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Hurricane Beryl Approaches Caribbean, Life-Threatening Category 4 Storm

Hurricane Beryl, the first major hurricane of the 2024 Atlantic season is closing in on the Windward Islands in the southeast Caribbean. As of late Sunday night, the National Hurricane Center (NHC) classified Beryl as an extremely dangerous Category 4 storm.

Hurricane Beryl Approaches Caribbean, Life-Threatening Category 4 Storm

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As of 11 p.m. ET on Sunday, June 30, 2024, Hurricane Beryl was situated approximately 150 miles southeast of Barbados. The storm is moving westward at a speed of 20 mph and was closing in rapidly on the Windward Islands.

Hurricane Beryl has maximum sustained winds of 130 mph, categorizing it as an extremely powerful Category 4 hurricane on the Saffir-Simpson scale.

In effect for Barbados, St. Lucia, Grenada, St. Vincent and the Grenadines and Tobago. These regions are bracing for severe weather conditions.

Issued for Martinique, indicating that these areas could experience tropical storm conditions imminently. In effect for Dominica and Trinidad, signaling that tropical storm conditions are possible within the next 48 hours.

The NHC has warned of life-threatening storm surge of up to 9 feet in the regions where Beryl will make landfall.

Heavy rainfall is expected with up to 6 inches projected for Barbados and surrounding islands.

Hurricane Beryl’s swift escalation from a tropical depression to a major hurricane in just 42 hours is a rare event in Atlantic hurricane history. This intensification has been matched only six times before with the earliest date being September 1.

Hurricane Beryl stands out as one of only three Category 3 or higher hurricanes recorded in the Atlantic during June, alongside Audrey in 1957 and Alma in 1966.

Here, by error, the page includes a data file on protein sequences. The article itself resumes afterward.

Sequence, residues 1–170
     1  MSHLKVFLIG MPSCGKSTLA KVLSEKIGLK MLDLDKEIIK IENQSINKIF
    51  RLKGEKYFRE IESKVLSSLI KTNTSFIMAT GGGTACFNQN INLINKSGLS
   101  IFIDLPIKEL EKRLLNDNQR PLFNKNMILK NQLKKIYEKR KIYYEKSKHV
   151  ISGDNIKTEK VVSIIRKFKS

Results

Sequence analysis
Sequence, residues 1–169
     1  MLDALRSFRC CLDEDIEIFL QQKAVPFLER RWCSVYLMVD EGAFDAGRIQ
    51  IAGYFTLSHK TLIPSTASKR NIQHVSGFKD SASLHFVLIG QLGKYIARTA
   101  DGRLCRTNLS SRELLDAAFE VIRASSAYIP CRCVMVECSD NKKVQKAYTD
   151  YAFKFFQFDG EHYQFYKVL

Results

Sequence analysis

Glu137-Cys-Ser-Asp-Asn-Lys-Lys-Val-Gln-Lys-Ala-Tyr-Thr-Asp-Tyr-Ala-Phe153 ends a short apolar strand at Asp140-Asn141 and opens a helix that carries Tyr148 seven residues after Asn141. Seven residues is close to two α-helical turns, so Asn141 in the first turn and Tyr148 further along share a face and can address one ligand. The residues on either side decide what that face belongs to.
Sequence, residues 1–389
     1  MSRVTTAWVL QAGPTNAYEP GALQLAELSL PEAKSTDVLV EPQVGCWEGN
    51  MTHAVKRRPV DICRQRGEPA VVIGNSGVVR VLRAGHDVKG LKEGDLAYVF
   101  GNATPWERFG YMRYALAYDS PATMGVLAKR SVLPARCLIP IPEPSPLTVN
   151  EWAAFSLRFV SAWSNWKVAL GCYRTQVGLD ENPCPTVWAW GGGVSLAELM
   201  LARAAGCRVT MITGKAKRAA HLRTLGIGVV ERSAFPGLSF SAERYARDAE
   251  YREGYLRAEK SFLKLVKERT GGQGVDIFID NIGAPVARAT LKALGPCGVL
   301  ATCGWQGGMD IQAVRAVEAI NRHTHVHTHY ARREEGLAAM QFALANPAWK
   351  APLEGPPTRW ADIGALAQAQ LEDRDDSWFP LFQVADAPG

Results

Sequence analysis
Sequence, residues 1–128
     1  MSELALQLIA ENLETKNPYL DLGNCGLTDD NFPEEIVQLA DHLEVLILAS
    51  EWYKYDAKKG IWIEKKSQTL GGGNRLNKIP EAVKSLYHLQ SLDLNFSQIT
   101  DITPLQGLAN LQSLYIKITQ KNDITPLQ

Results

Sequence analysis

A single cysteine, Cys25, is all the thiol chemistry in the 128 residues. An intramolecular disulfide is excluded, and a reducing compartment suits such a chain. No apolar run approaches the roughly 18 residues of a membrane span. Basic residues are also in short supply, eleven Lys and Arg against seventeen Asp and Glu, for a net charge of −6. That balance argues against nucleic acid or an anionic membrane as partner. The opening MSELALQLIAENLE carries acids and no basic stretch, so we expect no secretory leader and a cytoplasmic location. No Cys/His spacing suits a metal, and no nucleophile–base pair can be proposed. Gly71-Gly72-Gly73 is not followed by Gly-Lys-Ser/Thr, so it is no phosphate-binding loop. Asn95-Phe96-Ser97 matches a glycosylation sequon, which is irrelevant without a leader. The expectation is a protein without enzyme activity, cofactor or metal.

The first hurricane of the Atlantic season forms in early to mid-August, making Beryl’s early appearance in late June.

The island nation has seen long lines at gas stations and grocery stores as residents rush to prepare. Prime Minister Mia Mottley has urged people to plan for the worst and hope for the best.

Prime Minister Ralph Gonsalves has called for the opening of emergency shelters and extended business hours to ensure people have adequate time to prepare.

Leaders across the affected regions are taking the threat seriously, urging residents to prepare for a major impact and not to underestimate the severity of the situation.

Hurricane Beryl’s intensification has been by exceptionally warm ocean waters with ocean heat content in the deep Atlantic currently at record highs for this time of year.

According to CBS News weather producer David Parkinson, Beryl is the farthest east a hurricane has formed in June and one of only two to do so east of the Caribbean, with the previous occurrence dating back to 1933.

Hurricane Beryl is expected to move across the Windward Islands early Monday and continue through the southeastern Caribbean on Monday night and Tuesday.